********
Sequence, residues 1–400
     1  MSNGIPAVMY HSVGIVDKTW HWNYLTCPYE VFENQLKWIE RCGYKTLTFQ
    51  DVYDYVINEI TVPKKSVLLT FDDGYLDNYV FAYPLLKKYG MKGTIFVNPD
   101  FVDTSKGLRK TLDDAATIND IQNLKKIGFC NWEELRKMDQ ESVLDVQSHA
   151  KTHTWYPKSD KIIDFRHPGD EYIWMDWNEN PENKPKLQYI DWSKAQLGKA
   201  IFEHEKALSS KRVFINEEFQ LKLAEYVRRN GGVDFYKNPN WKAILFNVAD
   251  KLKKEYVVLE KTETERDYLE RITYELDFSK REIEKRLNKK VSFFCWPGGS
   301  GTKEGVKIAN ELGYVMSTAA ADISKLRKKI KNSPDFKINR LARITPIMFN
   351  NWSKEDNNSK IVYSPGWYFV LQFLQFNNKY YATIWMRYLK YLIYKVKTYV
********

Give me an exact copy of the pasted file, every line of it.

Sequence, residues 1–400
     1  MSNGIPAVMY HSVGIVDKTW HWNYLTCPYE VFENQLKWIE RCGYKTLTFQ
    51  DVYDYVINEI TVPKKSVLLT FDDGYLDNYV FAYPLLKKYG MKGTIFVNPD
   101  FVDTSKGLRK TLDDAATIND IQNLKKIGFC NWEELRKMDQ ESVLDVQSHA
   151  KTHTWYPKSD KIIDFRHPGD EYIWMDWNEN PENKPKLQYI DWSKAQLGKA
   201  IFEHEKALSS KRVFINEEFQ LKLAEYVRRN GGVDFYKNPN WKAILFNVAD
   251  KLKKEYVVLE KTETERDYLE RITYELDFSK REIEKRLNKK VSFFCWPGGS
   301  GTKEGVKIAN ELGYVMSTAA ADISKLRKKI KNSPDFKINR LARITPIMFN
   351  NWSKEDNNSK IVYSPGWYFV LQFLQFNNKY YATIWMRYLK YLIYKVKTYV